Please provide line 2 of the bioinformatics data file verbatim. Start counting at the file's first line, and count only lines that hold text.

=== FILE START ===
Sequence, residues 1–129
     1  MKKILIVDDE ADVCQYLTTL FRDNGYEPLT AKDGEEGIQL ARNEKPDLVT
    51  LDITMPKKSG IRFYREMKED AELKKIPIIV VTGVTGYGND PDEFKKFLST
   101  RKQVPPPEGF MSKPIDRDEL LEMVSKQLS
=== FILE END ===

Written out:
     1  MKKILIVDDE ADVCQYLTTL FRDNGYEPLT AKDGEEGIQL ARNEKPDLVT